The military monitors the jolly old elf’s progress around the globe and reports that progress via media, at and the hotline at 1-877-HI-NORAD.

    To answer your questions, I talked to one of NORAD’s Santa trackers, Lt. Alain Blondin, of the Royal Canadian Navy. He said high-tech military know-how lets NORAD pinpoint Santa’s location, but Santa’s methods for tracking military kids when they move remain a secret.

    “Think of it as Santa’s OPSEC,” said Blondin. “That is part of Santa’s own magic. What we do is track Santa Claus. Where he gathers his intelligence and the details of his mission, we’re not privy to that. We’re just there to help the boys and girls all over the world to know where he is on Christmas Eve, and we’re able to get that because of our equipment.”

    NORAD brings considerable military capability to the task, including infrared tracking satellites, land-based radar, as well as radar on ships and aircraft. With these tools NORAD is able to track Santa as he travels the globe, Blondin said.

    The military Santa-tracking operation began back in the 1950s. Methods and equipment have improved quite a bit since then.

    “The biggest difference are the infrared tracking satellites,” Blondin said. “These are used on our regular missions to identify the bloom of a missile that is taking off. That technology is what we use to track Rudolph’s nose. That’s how we can track Santa no matter where he is.”

    In the early years, Santa’s progress was reported only to hotline callers. Then television and radio stations began reporting on this unusual military operation. In 1997, NORAD added a website,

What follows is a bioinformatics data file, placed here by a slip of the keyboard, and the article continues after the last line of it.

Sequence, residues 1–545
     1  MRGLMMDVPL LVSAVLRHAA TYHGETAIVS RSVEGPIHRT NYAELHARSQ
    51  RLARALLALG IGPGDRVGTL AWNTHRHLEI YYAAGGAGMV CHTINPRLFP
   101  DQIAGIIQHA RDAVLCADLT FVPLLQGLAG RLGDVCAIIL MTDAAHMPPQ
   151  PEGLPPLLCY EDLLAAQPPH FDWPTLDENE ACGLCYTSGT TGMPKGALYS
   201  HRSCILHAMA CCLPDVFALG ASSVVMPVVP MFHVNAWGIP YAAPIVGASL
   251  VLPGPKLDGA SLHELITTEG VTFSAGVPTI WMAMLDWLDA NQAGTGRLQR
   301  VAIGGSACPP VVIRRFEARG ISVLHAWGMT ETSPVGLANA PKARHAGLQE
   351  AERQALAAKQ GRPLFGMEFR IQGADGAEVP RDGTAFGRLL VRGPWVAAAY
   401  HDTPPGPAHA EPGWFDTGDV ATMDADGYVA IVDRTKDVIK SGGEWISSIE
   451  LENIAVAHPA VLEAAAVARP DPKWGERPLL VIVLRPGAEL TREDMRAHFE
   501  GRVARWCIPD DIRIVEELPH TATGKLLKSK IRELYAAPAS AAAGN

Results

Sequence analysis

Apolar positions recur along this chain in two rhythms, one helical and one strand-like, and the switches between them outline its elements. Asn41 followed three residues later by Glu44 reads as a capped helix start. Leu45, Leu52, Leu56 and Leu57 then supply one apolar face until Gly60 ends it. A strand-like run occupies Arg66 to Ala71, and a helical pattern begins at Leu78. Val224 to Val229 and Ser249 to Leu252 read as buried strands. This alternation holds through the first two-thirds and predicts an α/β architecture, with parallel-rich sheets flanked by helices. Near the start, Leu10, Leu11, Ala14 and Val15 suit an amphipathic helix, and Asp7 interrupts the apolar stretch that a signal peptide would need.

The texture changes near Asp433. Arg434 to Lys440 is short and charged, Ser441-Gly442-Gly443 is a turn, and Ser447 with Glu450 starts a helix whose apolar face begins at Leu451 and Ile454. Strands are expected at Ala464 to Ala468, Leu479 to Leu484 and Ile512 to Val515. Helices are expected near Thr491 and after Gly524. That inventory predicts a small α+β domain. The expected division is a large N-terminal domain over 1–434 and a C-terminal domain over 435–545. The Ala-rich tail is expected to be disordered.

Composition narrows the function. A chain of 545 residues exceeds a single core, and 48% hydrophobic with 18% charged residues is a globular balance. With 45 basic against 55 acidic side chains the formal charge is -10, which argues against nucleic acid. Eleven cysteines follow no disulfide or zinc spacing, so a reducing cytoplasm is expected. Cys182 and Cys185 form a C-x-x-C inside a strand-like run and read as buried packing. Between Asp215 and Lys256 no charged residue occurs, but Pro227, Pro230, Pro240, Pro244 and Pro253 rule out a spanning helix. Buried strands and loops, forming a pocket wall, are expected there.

Your skeptical friends at school might be surprised to know that more and more people around the world follow Santa every year. Blondin said last year on Christmas Eve, the website had 18.9 million hits and the hotline received 102,000 phone calls.

    “It’s snowballing,” Blondin said. “The growth is exponential.”

    He said phone calls come in from places such as New Zealand, Australia, all over Europe and Asia, as well as from North America.

    The military gets help from companies, who donate all kinds of electronic services, and from more than a thousand volunteers who answer the phones. Every phone call is answered in person — no recordings or computers.

    The hotline is available during the 24-hour tracking period, which begins at 5 a.m. CST on Dec. 24. The website monitors Santa’s progress during the same period.

    Throughout December, the website offers other attractions — in eight languages. Online visitors can play games, watch videos contributed by Santa believers around the world and get answers to frequently asked questions about NORAD and Santa Claus.

    Some questions, such as how Santa finds you when you move, can only be answered by Santa himself. Blondin said he’s not sure how, but Santa always seems to know.

    “Probably the same way he finds out who’s been naughty and who’s been nice,” he said. “Regardless of the letters he gets, he knows the truth.”

    So tell the kids at your new school they’d better be nice.

    Official NORAD Santa Tracker

    Follow Santa as he makes his magical journey